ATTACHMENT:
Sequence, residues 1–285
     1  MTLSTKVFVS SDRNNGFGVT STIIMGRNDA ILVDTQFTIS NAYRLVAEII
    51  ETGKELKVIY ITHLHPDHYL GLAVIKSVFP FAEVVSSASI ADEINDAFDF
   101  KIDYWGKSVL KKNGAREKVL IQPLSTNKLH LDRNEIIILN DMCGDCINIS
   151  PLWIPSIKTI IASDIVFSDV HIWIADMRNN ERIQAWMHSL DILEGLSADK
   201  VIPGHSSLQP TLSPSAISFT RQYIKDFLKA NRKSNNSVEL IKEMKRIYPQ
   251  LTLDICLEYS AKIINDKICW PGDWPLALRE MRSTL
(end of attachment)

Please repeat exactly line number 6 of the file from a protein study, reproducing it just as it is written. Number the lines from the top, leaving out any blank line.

   201  VIPGHSSLQP TLSPSAISFT RQYIKDFLKA NRKSNNSVEL IKEMKRIYPQ